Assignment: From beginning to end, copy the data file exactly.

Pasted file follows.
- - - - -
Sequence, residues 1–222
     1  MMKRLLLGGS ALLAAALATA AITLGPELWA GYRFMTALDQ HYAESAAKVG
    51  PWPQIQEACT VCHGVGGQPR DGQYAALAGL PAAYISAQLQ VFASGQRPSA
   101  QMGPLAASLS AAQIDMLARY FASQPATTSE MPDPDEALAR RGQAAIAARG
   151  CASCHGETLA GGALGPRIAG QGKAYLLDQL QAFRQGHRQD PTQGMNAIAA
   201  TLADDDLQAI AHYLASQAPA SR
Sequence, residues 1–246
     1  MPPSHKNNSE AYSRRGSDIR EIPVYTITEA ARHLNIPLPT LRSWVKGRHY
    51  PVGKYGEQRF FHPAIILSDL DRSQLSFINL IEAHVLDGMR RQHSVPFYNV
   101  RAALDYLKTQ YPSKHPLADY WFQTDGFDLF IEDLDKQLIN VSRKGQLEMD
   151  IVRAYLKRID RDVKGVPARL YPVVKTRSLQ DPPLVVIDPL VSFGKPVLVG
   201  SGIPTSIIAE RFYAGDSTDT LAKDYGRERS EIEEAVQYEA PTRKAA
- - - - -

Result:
Sequence, residues 1–222
     1  MMKRLLLGGS ALLAAALATA AITLGPELWA GYRFMTALDQ HYAESAAKVG
    51  PWPQIQEACT VCHGVGGQPR DGQYAALAGL PAAYISAQLQ VFASGQRPSA
   101  QMGPLAASLS AAQIDMLARY FASQPATTSE MPDPDEALAR RGQAAIAARG
   151  CASCHGETLA GGALGPRIAG QGKAYLLDQL QAFRQGHRQD PTQGMNAIAA
   201  TLADDDLQAI AHYLASQAPA SR
Sequence, residues 1–246
     1  MPPSHKNNSE AYSRRGSDIR EIPVYTITEA ARHLNIPLPT LRSWVKGRHY
    51  PVGKYGEQRF FHPAIILSDL DRSQLSFINL IEAHVLDGMR RQHSVPFYNV
   101  RAALDYLKTQ YPSKHPLADY WFQTDGFDLF IEDLDKQLIN VSRKGQLEMD
   151  IVRAYLKRID RDVKGVPARL YPVVKTRSLQ DPPLVVIDPL VSFGKPVLVG
   201  SGIPTSIIAE RFYAGDSTDT LAKDYGRERS EIEEAVQYEA PTRKAA